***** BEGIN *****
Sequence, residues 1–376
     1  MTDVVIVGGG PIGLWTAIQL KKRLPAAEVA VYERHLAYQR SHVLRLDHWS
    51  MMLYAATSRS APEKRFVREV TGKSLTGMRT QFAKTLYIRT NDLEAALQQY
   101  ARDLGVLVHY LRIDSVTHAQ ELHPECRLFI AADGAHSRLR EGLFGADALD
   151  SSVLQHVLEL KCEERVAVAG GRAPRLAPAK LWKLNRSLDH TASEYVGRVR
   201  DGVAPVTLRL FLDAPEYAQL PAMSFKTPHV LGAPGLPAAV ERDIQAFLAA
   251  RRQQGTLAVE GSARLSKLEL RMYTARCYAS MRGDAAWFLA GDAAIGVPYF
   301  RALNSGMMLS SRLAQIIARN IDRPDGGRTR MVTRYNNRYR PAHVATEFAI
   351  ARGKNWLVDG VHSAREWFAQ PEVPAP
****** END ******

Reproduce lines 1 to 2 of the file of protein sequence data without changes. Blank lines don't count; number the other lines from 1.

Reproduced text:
Sequence, residues 1–376
     1  MTDVVIVGGG PIGLWTAIQL KKRLPAAEVA VYERHLAYQR SHVLRLDHWS